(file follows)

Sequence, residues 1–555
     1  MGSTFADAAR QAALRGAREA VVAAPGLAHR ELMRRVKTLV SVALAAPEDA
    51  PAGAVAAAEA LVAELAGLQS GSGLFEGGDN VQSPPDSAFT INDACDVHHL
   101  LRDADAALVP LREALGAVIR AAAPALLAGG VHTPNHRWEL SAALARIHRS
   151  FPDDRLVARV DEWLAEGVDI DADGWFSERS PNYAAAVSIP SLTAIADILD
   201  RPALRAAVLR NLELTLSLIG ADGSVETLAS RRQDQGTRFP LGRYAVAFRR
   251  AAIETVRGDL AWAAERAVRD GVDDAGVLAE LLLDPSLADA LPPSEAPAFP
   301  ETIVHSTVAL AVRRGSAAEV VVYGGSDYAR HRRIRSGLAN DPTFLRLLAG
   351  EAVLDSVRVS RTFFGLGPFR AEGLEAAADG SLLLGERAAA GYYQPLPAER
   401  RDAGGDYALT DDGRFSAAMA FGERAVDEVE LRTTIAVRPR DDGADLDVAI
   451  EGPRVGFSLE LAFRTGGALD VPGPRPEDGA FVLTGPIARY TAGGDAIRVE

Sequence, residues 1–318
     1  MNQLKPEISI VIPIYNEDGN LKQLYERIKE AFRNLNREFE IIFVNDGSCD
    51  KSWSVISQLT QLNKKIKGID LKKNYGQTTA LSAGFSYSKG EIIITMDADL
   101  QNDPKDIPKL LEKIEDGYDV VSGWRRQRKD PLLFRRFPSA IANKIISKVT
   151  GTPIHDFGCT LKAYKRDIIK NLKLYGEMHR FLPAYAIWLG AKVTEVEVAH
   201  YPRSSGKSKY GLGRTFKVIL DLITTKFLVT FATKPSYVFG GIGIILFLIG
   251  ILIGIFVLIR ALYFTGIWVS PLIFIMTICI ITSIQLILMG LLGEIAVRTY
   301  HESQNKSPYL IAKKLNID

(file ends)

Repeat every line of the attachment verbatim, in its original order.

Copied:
Sequence, residues 1–555
     1  MGSTFADAAR QAALRGAREA VVAAPGLAHR ELMRRVKTLV SVALAAPEDA
    51  PAGAVAAAEA LVAELAGLQS GSGLFEGGDN VQSPPDSAFT INDACDVHHL
   101  LRDADAALVP LREALGAVIR AAAPALLAGG VHTPNHRWEL SAALARIHRS
   151  FPDDRLVARV DEWLAEGVDI DADGWFSERS PNYAAAVSIP SLTAIADILD
   201  RPALRAAVLR NLELTLSLIG ADGSVETLAS RRQDQGTRFP LGRYAVAFRR
   251  AAIETVRGDL AWAAERAVRD GVDDAGVLAE LLLDPSLADA LPPSEAPAFP
   301  ETIVHSTVAL AVRRGSAAEV VVYGGSDYAR HRRIRSGLAN DPTFLRLLAG
   351  EAVLDSVRVS RTFFGLGPFR AEGLEAAADG SLLLGERAAA GYYQPLPAER
   401  RDAGGDYALT DDGRFSAAMA FGERAVDEVE LRTTIAVRPR DDGADLDVAI
   451  EGPRVGFSLE LAFRTGGALD VPGPRPEDGA FVLTGPIARY TAGGDAIRVE

Sequence, residues 1–318
     1  MNQLKPEISI VIPIYNEDGN LKQLYERIKE AFRNLNREFE IIFVNDGSCD
    51  KSWSVISQLT QLNKKIKGID LKKNYGQTTA LSAGFSYSKG EIIITMDADL
   101  QNDPKDIPKL LEKIEDGYDV VSGWRRQRKD PLLFRRFPSA IANKIISKVT
   151  GTPIHDFGCT LKAYKRDIIK NLKLYGEMHR FLPAYAIWLG AKVTEVEVAH
   201  YPRSSGKSKY GLGRTFKVIL DLITTKFLVT FATKPSYVFG GIGIILFLIG
   251  ILIGIFVLIR ALYFTGIWVS PLIFIMTICI ITSIQLILMG LLGEIAVRTY
   301  HESQNKSPYL IAKKLNID